Monday, 19 December 2016

Blob Thing Witnesses The Strange, Forgotten Past Of The River Wansbeck

Blob Thing says:

I'm not going to talk much at all today.  I've just got some pretty photos to show you.  They were all taken on our epic walk from Stakeford to Morpeth.  I've already talked about our journey as far as the Bothal Mill bridge on the river Morpeth.  My person has been shocked at how much I've had to say about the experience, especially about Bothal itself.

We had been forced to spend a lot of time away from the river on our river walk.  My person says that it was about an hour.  I say that it was about seven months and that my person has forgotten many key details of what happened to us.  Now we had reached the river again and we wouldn't be diverting from its course again before reaching Morpeth.  Nor would we be diverting the river from its course.  We didn't even have a shovel, let alone any heavy engineering tools and I doubt my person would have been able to divert an entire river with only the use of her bare hands.  Even if she was as strong as Klaus, the giant I met once, or as powerful as the Angel of the North I doubt she would have had the skills to manage to divert a river.  In any case, where would she divert the river too?  It was very happily flowing down a valley, purpose built/eroded for the practical use of a river.  Diverting the river onto the hills would seem to be a fool's errand.  So leave the river where it is.  It's not doing anyone any harm except when it floods.  Are we agreed?

It was lunch time.  I decided that we should stop here.  It's a pleasing spot with the ruins of industrial works on the river that once would have driven mill equipment and turbines.  The area has a big industrial past and much that once was made has been unmade and only a few stones remain.  Some massive structures aren't visible at all now.  The colliery near my house is gone and you wouldn't know that there were tunnels under the ground.  And as for Bedlington iron works?  You would have to work hard to see any sign of that and yet it was a very important place once where wrought iron was discovered and where the rails for the Stockton to Darlington railway were made, as was the first train that ever left King's Cross in London.  It was important but is now invisible.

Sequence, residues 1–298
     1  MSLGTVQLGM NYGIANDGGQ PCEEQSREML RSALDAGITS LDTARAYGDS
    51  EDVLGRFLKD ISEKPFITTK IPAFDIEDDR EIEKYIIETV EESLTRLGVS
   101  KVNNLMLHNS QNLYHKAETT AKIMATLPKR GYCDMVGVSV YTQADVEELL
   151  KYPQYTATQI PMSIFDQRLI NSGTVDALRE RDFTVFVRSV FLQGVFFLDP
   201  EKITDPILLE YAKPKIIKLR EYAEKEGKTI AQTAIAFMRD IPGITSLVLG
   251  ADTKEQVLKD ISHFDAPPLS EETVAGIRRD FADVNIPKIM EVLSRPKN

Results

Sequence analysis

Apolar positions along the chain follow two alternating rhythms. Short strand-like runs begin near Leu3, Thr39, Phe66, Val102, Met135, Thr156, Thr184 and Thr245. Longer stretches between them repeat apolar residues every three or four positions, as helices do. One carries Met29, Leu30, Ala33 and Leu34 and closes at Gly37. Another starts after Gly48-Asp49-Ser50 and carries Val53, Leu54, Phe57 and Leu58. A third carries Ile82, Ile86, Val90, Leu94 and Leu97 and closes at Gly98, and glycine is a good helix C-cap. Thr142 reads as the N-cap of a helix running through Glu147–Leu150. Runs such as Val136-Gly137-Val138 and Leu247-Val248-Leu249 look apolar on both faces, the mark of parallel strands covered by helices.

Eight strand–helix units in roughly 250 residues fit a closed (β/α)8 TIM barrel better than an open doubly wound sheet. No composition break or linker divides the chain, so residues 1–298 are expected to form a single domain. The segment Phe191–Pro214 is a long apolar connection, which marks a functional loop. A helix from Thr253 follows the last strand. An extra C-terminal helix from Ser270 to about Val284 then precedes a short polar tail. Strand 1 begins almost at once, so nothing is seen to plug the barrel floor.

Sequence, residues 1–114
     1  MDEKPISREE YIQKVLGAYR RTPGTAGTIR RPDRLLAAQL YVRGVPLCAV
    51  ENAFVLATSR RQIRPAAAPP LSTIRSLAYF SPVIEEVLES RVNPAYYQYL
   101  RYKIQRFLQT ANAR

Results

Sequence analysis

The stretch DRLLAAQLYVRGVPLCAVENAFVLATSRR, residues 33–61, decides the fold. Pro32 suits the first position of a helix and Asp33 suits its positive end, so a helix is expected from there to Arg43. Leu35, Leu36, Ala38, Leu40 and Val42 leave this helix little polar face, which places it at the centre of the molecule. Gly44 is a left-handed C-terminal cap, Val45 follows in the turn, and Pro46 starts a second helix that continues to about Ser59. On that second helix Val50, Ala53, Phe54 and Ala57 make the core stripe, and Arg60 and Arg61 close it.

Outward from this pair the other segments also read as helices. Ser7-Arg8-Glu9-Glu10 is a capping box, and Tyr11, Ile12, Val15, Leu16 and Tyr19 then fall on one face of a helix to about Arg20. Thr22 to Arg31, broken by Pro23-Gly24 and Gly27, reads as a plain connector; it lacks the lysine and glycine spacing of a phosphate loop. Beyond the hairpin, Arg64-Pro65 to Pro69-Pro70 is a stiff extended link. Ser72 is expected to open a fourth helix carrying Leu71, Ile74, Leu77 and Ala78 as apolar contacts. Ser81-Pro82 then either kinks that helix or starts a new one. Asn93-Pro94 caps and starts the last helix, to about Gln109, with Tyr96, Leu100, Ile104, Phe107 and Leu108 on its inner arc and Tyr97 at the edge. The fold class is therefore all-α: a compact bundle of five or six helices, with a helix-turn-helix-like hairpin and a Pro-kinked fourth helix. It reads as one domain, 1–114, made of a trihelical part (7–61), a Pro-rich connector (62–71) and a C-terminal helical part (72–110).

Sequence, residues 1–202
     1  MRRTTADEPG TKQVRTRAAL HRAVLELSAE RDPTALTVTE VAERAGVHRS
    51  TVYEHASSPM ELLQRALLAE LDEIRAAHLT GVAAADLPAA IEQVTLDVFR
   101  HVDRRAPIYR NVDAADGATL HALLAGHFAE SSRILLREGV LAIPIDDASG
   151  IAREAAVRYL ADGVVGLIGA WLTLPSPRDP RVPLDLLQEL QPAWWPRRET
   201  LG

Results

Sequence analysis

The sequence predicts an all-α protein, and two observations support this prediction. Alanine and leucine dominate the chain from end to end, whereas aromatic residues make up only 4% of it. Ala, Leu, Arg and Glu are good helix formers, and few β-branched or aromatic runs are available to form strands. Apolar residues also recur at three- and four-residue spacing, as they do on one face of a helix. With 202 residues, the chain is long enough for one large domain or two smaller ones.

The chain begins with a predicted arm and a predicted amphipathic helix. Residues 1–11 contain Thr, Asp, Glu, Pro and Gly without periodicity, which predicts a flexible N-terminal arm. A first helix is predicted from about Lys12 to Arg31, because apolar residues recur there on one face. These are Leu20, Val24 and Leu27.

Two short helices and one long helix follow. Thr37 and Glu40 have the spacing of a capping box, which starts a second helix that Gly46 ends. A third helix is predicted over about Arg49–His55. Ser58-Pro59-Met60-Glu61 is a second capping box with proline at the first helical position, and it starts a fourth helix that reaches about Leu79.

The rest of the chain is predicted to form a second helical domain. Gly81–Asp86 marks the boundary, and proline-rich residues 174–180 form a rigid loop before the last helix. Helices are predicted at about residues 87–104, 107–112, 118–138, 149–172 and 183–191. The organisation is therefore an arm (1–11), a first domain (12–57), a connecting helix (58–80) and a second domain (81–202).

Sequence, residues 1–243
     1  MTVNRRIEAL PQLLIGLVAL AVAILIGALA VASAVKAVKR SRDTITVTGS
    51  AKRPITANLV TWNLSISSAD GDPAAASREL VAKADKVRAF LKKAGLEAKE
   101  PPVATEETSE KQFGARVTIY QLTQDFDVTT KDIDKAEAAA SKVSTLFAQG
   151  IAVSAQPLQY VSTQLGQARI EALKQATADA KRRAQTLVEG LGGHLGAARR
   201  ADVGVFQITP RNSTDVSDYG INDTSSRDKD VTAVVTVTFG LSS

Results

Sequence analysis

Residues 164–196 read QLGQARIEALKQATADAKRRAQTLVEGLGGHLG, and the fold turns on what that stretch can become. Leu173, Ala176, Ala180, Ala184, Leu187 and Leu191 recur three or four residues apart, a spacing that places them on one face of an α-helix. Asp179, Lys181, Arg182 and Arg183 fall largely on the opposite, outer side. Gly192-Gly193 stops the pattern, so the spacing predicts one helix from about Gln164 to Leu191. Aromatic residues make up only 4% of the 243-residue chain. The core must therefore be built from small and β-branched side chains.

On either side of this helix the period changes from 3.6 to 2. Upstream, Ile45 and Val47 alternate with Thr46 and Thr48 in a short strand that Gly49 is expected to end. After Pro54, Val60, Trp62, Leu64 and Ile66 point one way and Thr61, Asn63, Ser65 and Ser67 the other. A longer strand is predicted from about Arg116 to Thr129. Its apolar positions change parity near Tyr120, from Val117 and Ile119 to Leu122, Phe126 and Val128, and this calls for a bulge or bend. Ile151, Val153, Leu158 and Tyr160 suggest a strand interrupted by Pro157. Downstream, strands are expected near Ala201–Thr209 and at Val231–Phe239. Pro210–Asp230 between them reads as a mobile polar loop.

So we sat and ate our lunch and that was much appreciated by the three of us.

And so began our walk along the river.  We couldn't see much of the river very well because the valley got quite steep and the path had to be quite a long way above it.  There were lots of trees and other plants in the way.  That's okay.  They were very pretty too.  I want to tell you about an unfortunate incident.  I saw a branch that hung across our route and I decided that rather than just going under it I would climb the tree and walk along the branch to see if the view was any better.

It was difficult to climb up there but I made it.  It must be admitted at this point that my view wasn't much better from the branch than it had been on the path but it was fun being up there and I pretended that I could see all the way to Morpeth, all the way to Stakeford and all the way to Newcastle too.  I don't think my person fell for it though because she told me I was being silly.

Then Winefride saw me up there and she decided to follow.  She didn't have reins then so there wasn't anything my person could do to stop her and she skilfully climbed the tree and walked out onto the branch.  She looked a bit wobbly but seemed happy enough and she settled down onto the branch and laughed.

Here we are.  Don't we look utterly fabulous, eight feet above the ground?

But then the unfortunate incident happened.  Winefride started to walk back along the branch to get down again because I said we needed to hurry up and get to Morpeth.  I shouldn't have said that about hurrying.  Because Winefride took me at my word.  She hurried.  And she hurried too much.  Poor Winefride.  She lost her balance and fell to the ground far below.  I was very worried because it was a long way to fall and she was lying there silent and not moving.  I didn't want her to be hurt.  It was quite the unfortunate incident wasn't it?